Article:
The described concern is founded, in part, on the fact that the qualities required to advance in the Active Democracy process will tend to elevate the same type of people in each successive election, thus raising the specter that those people will, somehow, form a new cabal.

That is unlikely.

For one thing, the electorate is in a constant state of flux. People constantly enter and leave the electorate and people's desire to seek public office varies in intensity from complete disinterest to avid pursuit throughout their lives. These are not inconsequential matters. When coupled with the random selection of triad participants, they make the system dynamic at its lowest levels. That dynamism will propagate upward.

In such an atmosphere, the fact that the same type of people will advance in each successive election will tend to improve the system. When we select public officials using a process that favors the best of our people, and when the same kind of people are the ones most frequently advanced, people who seek office will copy them. Morality is a top-down phenomenon. We take our cues from those we wish to emulate.

In addition, given the dynamism of the method, I think it unlikely that those who reach level 4 will ever have a common view or objective. Quite the contrary. In the first place, the selection process is unlikely to group them in similar triads on a regular or dependable basis. Secondly, their prior experience will affect their selectability, favorably in some cases, unfavorably in others. Thirdly, they will have knowledge of the others that will affect how they relate to them. And, finally, at each level, two of three candidates will be eliminated. That will do more to break up "ruling class" aspirations than anything else.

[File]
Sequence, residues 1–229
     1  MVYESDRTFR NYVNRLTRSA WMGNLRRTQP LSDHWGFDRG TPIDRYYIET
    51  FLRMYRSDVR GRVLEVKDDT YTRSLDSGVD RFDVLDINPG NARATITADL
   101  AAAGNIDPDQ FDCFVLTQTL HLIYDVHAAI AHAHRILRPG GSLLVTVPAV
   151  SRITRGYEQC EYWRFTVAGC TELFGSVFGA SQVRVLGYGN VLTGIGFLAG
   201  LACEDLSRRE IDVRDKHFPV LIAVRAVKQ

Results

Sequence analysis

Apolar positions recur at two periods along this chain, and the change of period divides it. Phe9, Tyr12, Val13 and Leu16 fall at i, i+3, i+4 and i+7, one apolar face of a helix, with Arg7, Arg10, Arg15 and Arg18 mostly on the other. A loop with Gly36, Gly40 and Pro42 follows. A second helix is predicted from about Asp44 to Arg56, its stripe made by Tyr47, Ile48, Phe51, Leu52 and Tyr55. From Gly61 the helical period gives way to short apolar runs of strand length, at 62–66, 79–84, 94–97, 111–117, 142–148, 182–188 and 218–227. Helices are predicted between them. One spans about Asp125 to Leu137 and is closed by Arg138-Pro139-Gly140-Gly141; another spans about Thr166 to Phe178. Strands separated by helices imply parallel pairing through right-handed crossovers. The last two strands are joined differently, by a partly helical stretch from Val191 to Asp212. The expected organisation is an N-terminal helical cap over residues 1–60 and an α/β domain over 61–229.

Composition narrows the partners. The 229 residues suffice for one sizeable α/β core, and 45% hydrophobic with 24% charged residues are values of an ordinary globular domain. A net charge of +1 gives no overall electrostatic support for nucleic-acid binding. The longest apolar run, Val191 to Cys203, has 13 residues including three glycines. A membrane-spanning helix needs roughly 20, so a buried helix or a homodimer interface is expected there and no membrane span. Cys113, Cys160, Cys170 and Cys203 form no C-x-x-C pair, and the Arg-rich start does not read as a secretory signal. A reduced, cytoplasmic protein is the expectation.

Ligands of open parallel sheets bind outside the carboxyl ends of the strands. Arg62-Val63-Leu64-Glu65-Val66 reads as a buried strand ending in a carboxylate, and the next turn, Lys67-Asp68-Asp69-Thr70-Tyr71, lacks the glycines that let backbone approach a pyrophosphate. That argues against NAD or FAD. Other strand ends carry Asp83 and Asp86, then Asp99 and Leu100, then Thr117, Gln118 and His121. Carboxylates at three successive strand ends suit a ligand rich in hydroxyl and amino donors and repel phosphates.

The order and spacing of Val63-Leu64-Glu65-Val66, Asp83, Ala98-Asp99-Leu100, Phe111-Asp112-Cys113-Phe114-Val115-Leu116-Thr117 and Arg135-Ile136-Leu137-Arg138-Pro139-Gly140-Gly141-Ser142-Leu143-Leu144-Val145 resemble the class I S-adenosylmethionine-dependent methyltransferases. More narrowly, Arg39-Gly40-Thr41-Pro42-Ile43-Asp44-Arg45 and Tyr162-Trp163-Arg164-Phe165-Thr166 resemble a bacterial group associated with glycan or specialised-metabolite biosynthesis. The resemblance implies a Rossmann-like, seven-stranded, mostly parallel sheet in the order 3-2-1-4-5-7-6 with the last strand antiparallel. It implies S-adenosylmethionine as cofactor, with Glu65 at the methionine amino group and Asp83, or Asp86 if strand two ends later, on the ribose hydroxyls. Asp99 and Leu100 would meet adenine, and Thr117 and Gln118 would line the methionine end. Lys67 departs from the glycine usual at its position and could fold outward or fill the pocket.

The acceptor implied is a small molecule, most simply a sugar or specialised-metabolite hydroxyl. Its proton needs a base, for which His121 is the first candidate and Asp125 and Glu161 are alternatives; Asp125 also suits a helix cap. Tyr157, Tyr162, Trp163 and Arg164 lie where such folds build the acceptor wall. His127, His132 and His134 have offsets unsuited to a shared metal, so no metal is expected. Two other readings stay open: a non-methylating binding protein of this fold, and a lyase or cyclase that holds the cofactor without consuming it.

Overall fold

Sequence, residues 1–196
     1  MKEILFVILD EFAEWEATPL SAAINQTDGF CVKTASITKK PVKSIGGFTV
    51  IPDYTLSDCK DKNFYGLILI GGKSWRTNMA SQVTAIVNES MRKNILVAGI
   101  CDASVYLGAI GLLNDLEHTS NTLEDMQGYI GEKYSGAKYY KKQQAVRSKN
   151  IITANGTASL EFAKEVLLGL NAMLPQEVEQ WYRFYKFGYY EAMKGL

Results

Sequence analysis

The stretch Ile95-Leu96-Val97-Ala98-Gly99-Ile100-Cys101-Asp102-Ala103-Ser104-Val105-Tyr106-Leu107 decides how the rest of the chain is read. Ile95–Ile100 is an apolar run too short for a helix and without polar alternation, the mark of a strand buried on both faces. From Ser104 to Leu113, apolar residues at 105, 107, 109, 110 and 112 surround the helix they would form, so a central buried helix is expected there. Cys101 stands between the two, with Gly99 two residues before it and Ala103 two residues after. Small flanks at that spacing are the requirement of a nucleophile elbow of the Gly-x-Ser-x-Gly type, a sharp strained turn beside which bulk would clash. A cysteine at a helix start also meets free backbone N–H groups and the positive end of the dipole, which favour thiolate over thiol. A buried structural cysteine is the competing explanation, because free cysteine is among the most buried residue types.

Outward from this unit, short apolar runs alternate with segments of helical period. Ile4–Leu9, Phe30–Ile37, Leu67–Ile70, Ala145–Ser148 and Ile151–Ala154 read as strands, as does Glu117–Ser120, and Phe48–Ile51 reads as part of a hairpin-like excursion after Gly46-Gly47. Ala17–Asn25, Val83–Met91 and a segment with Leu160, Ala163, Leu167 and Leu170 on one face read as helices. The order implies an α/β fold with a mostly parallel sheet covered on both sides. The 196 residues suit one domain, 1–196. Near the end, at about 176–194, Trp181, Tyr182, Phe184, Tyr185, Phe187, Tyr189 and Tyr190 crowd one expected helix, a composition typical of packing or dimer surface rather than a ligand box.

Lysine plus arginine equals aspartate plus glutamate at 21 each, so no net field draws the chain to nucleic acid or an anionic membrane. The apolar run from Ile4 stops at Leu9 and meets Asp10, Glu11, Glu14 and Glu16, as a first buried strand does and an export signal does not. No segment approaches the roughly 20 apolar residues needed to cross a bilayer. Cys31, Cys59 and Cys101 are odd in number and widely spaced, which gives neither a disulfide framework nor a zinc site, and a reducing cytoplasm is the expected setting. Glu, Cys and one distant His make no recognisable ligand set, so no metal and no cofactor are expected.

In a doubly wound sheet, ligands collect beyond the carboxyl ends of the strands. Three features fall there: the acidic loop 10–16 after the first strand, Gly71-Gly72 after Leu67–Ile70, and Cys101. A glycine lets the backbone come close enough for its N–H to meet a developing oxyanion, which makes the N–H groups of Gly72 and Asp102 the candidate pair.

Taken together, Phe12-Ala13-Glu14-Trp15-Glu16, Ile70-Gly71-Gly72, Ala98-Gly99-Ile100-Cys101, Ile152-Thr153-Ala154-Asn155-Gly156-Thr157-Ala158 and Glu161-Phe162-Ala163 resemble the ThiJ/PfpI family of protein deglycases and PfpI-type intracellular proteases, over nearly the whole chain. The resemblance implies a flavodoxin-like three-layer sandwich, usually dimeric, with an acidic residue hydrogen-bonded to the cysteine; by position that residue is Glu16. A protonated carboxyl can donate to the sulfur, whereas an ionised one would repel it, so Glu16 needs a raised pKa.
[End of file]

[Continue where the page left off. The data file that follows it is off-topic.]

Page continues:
Opting Out

The following is adapted from comments to me, privately or in other forums, expressing concerns about the Active Democracy concept. One comment was to the effect that ...
"... I have no desire for (public office). Accordingly, I would dissuade the citizens with whom I am pooled in the first round from voting for me."

"In the proposed system, I would be denied the right to consider/select any person other than the two selected for my triplet in the first round."

(In addition, this person thinks)
"This form of governance (Active Democracy) is known as an oligarchy not a democracy, despite the illusory trappings of democracy during the first round."

The essence of this comment is the wish to opt out at the lowest level and still influence selections at higher levels. Since others (duly elevated on their merits) make the selections at the higher levels, this person feels the process is oligarchical. (I dealt with oligarchy in the previous post and will not expand on that, right now)

Reaching public office is not the only reason for participating in the process. Participation is how we do our utmost to improve the quality of our elected representatives.